Making a Martello Tower from Scrap – Fort Crumble

To match a bunch of 15mm pirate and Redcoat preventive men from another random job lot of figures, I have added a coastal defence fort.

This is not the familiar Airfix WW2 one of my childhood but an original Napoleonic one – the Martello Tower.

I remember seeing these curious flowerpot coastal castles on childhood holidays to the south coast. I have a feeling I might have been inside one as well. We visited the Romney Hythe and Dymchurch area of Kent, the curious home of light railways, Dr. Syn, smuggling museums and marshes. All equally fascinating to a small child.

Martello Towers are the ultimate bucket and spade seaside sandcastle with a flag and a cannon on top.

If you are not familiar with them, there are several websites about them. Wikipedia has a wide range of information and a useful photo gallery from round the world on Martello Towers. https://en.m.wikipedia.org/wiki/Martello_tower

There is an entire dedicated website to Martello Towers, including ones that have been undermined by the sea revealing parts of their construction.

https://martellotowers.co.uk/armedforces covers the garrison of 24 men (cramped), Napoleonic era gun crews, Artillery Volunteers, Militia and “sea fencibles” (or ‘reformed’ smugglers).

There are in their 1990 English Heritage Martello Tower no. 24 booklet online here some wildly imaginative LacePunk / Steampunk original Napoleonic era prints of how the French might invade by raft, balloon and airship etc. – “typical shabby Nazi, sorry, Napoleonic tricks” as the 1805 version of Captain Mainwaring would say.

https://theromneymarsh.net/martello24guidebook

Cinque Ports Volunteers reenactors https://theromneymarsh.net/martello24#inside

Some smart Militia Volunteers, perfect for my scratch 15mm Napoleonic era garrisons of Forgotten Minor States.

Lots more at: https://theromneymarsh.net/martello24#inside

https://www.papershipwright.co.uk/product/south-coast-martello-tower/

Several manufacturers make resin or even Paper ones on the unusual Paper Shipwright website (which has free downloads of some things).

Some useful Martello Tower words for instant expertise: The roof gunnery platform floor is called a terreplein. The irony – a French word for a seaside castle cannon platform against Napoleon. Impressed?

Building your Crumble Pot Martello Towers

So where to start?

What first gave me the idea was a bit of scrap recycling from a recent sweet treat gift, some mini crumble puddings.

“First eat your puddings …”

Add in the plastic top to some lovely lunchtime Itsu noodles, the only unrecyclable bit but which also comes in handy for flocking trays.

So in Blue Peter style you need in suitable size or scale for your figures, in this case 15mm:

    Two plastic containers or flowerpot shapes, one cut down to sit inside the other to give the roof space.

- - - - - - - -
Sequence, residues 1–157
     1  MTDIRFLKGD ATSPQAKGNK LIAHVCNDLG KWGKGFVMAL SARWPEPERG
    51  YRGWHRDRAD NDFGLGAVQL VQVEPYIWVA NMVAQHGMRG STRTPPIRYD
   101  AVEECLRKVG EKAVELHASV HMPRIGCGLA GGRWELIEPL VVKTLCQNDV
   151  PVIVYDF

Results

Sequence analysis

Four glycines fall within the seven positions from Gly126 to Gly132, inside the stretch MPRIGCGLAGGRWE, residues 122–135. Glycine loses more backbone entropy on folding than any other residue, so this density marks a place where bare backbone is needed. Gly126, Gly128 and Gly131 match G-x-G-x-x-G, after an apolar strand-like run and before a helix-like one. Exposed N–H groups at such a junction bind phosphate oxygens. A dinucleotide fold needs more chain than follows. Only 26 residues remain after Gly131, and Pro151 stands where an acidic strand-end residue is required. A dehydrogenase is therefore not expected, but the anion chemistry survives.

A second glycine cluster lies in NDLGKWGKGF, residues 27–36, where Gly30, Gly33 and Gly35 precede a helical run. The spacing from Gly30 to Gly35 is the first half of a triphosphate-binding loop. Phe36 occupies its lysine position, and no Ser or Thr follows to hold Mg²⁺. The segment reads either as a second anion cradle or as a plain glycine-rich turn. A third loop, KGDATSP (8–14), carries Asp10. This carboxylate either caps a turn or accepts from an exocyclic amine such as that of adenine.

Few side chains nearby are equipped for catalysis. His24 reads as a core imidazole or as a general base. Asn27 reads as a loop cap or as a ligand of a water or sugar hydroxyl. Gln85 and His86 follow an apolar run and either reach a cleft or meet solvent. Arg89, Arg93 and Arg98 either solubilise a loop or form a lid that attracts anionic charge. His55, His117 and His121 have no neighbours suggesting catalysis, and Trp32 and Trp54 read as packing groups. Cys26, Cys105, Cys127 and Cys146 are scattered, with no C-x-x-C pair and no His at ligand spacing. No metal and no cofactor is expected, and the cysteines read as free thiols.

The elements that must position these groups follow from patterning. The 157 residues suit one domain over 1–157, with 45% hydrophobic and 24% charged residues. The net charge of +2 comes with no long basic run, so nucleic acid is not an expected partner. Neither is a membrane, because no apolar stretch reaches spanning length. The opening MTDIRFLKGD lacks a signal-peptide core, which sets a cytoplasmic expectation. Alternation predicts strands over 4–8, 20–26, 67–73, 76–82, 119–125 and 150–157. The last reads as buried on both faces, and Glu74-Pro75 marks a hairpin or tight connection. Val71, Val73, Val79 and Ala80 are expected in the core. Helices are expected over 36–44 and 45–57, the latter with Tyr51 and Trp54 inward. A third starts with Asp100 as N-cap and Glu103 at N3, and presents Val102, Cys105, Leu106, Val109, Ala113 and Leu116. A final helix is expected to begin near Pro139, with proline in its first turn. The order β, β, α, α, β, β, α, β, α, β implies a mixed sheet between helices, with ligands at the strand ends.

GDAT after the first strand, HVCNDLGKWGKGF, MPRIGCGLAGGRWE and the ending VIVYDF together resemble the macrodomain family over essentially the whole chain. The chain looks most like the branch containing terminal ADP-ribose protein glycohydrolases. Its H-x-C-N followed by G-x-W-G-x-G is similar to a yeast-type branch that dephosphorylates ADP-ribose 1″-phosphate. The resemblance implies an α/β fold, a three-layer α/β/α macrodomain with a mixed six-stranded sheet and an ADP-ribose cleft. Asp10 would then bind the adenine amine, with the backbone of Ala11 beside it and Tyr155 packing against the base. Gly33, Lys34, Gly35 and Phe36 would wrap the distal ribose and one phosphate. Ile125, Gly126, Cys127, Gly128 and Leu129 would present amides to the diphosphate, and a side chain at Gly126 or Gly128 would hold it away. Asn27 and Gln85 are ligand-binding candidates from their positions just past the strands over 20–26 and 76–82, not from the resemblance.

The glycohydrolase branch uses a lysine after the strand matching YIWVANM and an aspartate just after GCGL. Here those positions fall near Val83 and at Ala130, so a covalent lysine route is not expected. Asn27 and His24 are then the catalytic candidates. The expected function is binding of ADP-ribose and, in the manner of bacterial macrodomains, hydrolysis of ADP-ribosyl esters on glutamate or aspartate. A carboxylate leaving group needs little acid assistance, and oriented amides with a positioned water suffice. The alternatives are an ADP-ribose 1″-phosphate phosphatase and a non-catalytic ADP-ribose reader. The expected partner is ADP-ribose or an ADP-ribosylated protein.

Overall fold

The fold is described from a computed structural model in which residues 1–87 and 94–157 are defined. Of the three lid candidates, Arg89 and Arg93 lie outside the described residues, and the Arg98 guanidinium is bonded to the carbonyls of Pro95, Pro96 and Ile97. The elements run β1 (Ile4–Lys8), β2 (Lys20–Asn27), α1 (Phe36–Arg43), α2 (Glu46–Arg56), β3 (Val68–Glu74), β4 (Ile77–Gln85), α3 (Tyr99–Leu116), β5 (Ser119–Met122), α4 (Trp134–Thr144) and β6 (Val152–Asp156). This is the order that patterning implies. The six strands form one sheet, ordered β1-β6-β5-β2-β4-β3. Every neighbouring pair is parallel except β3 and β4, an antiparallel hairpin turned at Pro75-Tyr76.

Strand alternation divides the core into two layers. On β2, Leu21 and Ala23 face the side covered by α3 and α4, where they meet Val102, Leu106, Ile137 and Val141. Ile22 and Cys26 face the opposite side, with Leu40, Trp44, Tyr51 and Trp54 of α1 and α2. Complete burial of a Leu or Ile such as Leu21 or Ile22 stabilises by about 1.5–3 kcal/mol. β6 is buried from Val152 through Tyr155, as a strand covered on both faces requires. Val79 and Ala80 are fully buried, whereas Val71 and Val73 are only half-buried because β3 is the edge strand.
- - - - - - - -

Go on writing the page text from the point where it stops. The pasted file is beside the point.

A base or lid upturned to give extra height if needed
    A spare cannon such as this one from the Risk boardgame,
    Some lolly sticks for the gun pivot
    A drawing pin for the pivot
    Acrylic model paint to coat the plastic
    Scalpel or sharp scissors to cut out the roof hole and cut down the inner pot.

Cut a neater hole in the base than I did (wrong sort of jaggy plastic, didn’t want to try the candle / knife method to smoothly melt the edges). This gives you your roof opening.

Place this cut open base over the other pot and work out how much you need to cut off to give you the gunnery space and shelter for the Gun Teams. Pop a figure and the gun inside to get an idea of size.

Cut in stages or strips away at the bottom part of the inner pot until your figures and gun sit right inside. Like Lockdown haircuts, you can’t add it back once you’ve cut it off.

The swivel: The gun is on a raised up platform to give that 360 degree swivel. Measure the lolly stick from middle of the pot top / base. Insert drawing pin as pivot. Put through plastic top. Secure pin bit underneath with a piece of thick card or balsa.

Paint the outside of the tower with an undercoat of white or light grey. Don’t forget to paint the inside (pot base) of the tower roof gunnery platform before you start sticking these together.

Stick your gun onto a short piece(s) of lollystick to step it up step by step on the swivel piece until it can freely move around the rim of the tower.

Dry Run – Once you have tried all the finished bits and bobs together, then glue the cutdown pot onto the noodle lid, and add the top pot.

The stepped cannon is the last fiddly bit to add, the barrel poking above the battlements and freely pivoting.

Avoiding cutting out recessed windows and doors into jaggy plastic, I used thin card to make the door and window frames.

These doors and windows were on the landward side to protect them from ship attack. The seaward walls were slightly thicker brick walls to cope with attack from the sea.

An external ladder from the Airfix Commando set was added but could be made from card. The doorway platform and ladder were designed to be easily taken inside or demolished by the tower gun crew.

Cleverly the towers had a rainwater collection from the roof to basement water tank or internal well to survive sieges. Tucked away are musket racks inside, gunnery stores, shot lockers, ration stores. Officers quarters were small but separate from the men’s. It is part castle, part stone naval ship.

Martello Towers were built all around the world so I can feature them in some ImagiNations and Colonial games like the Forgotten Minor States.

What next for gaming scenarios with the Martello tower?

Add some sandy coloured felt and blue felt,

  • a lighthouse, quay, warehouses and scattering of wooden houses,
  • my random job lot 15mm pirates and tricorne men
  • a cheap plastic boat / ship (what is the difference anyway?) from a seaside toy shop pirates set stocked away for rainy days,

All this is surely a scratch recipe for a coastal / pirate / naval game of Close Little Pirate Wars! Pistols, cutlasses, cannons, blunderbusses, muskets …